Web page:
On the surface, Charles Schwab being swept up in the worst U.S. banking crisis since 2008 makes little sense.
The firm, a half-century mainstay in the brokerage industry, isn’t overexposed to crypto like Silvergate Capital and Signature Bank, nor to start-ups and venture capital, which felled Silicon Valley Bank.
Fewer than 20% of Schwab’s depositors exceed the FDIC’s $250,000 insurance cap, compared with about 90% at SVB.
And with 34 million accounts, a phalanx of financial advisers and more than $7 trillion of assets across all of its businesses, it towers over regional institutions.
Yet the questions around Schwab won’t go away.
Rather, as the crisis drags on, investors are starting to unearth risks that have been hiding in plain sight. Unrealized losses on the Westlake, Texas-based firm’s balance sheet, loaded with long-dated bonds, ballooned to more than $29 billion last year.
At the same time, higher interest rates are encouraging customers to move their cash out of certain accounts that underpin Schwab’s business and bolster its bottom line.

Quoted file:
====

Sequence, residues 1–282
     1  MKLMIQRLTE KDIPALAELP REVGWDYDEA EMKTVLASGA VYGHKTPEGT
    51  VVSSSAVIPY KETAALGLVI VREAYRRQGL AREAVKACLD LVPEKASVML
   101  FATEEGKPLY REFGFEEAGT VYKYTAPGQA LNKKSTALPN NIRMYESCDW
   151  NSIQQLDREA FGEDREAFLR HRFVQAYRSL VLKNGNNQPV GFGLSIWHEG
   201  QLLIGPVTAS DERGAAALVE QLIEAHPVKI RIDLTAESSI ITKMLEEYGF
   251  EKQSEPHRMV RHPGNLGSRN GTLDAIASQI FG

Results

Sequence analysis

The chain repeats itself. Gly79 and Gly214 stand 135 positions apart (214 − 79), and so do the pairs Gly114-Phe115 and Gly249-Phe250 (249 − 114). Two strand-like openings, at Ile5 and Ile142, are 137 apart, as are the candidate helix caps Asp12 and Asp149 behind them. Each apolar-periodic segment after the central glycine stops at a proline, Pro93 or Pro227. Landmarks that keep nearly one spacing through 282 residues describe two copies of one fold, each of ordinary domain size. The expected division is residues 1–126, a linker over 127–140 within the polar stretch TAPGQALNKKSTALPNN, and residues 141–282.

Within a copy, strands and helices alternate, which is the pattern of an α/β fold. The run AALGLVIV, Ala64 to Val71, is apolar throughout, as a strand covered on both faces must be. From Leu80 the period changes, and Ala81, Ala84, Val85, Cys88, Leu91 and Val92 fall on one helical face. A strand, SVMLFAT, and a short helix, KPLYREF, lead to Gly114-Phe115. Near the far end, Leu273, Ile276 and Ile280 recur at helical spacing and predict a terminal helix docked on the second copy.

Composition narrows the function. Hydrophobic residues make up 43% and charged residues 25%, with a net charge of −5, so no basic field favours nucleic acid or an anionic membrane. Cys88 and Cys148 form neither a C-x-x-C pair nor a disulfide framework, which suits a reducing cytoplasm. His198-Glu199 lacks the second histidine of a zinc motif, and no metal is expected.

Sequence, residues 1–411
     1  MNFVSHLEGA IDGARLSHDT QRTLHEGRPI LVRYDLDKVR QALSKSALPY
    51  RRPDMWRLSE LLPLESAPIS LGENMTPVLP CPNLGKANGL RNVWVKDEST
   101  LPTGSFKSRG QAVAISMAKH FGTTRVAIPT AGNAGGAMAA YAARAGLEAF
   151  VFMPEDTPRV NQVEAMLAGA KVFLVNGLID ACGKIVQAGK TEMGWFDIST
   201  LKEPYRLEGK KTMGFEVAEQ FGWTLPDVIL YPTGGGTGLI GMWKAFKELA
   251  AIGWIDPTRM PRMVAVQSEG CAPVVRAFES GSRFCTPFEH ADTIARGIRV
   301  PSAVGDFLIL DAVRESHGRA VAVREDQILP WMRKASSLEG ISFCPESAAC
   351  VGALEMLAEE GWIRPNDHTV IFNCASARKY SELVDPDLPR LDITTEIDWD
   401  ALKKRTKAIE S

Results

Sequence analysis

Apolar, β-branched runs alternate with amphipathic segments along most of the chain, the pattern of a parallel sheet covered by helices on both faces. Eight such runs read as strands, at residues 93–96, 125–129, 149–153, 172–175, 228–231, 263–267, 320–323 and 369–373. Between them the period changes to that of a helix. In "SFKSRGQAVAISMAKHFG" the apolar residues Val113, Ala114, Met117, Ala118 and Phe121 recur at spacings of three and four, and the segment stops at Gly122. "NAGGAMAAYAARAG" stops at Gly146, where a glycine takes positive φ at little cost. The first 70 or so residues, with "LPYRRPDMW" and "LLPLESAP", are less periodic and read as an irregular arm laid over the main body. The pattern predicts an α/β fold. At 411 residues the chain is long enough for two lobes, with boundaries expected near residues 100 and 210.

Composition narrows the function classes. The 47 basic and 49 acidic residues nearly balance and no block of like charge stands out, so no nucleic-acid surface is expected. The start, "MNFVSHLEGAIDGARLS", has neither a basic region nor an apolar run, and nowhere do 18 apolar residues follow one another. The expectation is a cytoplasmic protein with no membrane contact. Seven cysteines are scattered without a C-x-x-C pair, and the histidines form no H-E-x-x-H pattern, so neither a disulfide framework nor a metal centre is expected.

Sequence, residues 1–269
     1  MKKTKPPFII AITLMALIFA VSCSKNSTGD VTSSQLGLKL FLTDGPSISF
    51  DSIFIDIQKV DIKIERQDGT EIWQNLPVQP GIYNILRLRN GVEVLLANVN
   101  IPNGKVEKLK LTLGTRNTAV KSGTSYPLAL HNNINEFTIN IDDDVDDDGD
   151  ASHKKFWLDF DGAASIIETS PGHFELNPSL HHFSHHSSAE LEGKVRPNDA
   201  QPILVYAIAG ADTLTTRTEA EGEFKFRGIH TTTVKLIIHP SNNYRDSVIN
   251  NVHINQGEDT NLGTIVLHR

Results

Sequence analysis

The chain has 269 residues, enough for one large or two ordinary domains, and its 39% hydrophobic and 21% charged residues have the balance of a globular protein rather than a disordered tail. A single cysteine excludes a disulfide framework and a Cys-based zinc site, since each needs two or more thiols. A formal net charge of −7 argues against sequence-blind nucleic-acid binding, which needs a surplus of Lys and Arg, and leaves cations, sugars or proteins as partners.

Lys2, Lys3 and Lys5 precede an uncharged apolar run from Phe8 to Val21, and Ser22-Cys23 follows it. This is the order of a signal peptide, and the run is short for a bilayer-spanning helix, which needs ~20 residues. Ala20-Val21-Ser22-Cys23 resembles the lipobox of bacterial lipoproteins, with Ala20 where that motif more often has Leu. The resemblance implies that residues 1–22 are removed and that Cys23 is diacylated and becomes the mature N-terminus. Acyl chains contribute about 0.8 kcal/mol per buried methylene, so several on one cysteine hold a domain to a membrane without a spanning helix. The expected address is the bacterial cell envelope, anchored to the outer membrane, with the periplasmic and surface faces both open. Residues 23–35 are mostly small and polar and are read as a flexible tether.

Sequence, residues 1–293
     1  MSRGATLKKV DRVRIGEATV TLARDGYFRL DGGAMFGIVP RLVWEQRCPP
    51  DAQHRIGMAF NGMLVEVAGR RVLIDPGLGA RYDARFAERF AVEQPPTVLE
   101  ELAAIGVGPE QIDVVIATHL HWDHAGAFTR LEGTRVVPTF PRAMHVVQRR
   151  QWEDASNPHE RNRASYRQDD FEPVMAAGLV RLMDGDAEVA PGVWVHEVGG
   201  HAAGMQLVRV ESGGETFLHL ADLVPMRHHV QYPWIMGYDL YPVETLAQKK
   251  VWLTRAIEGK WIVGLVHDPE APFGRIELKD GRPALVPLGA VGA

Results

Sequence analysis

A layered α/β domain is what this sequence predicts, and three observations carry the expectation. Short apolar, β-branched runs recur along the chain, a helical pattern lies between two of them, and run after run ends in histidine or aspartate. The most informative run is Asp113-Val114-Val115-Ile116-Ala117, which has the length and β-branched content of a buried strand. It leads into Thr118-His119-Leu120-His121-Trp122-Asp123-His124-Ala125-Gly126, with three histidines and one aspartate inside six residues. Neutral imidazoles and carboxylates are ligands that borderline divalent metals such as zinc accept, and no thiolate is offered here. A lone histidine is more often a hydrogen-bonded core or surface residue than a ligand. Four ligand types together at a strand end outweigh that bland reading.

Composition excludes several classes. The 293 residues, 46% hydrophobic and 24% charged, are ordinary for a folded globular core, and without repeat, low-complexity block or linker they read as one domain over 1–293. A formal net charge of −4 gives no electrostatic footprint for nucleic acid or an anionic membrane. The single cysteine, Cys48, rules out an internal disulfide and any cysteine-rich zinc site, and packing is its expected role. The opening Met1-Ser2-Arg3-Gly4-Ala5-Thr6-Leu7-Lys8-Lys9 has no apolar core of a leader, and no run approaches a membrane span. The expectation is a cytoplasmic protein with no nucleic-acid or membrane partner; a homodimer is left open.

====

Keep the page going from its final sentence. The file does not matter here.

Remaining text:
It’s another indication that the Federal Reserve’s rapid policy tightening caught the financial world flat-footed after decades of declining rates.
Schwab shares have lost more than a quarter of their value since March 8, with some Wall Street analysts expecting earnings to suffer.
“In hindsight, they arguably could have had more prudent investment choices,” said Morningstar analyst Michael Wong.
Chief Executive Officer Walt Bettinger and the brokerage’s founder and namesake, billionaire Charles Schwab, have said the firm is healthy and prepared to withstand the broader turmoil.
The business is “misunderstood,” and it’s “misleading” to focus on paper losses, which the company may never have to incur, they said last week in a statement.
“There would be a sufficient amount of liquidity right there to cover if 100% of our bank’s deposits ran off,” Bettinger told the Wall Street Journal in an interview published Thursday, adding that the firm could borrow from the Federal Home Loan Bank and issue certificates of deposit to address any funding shortfall.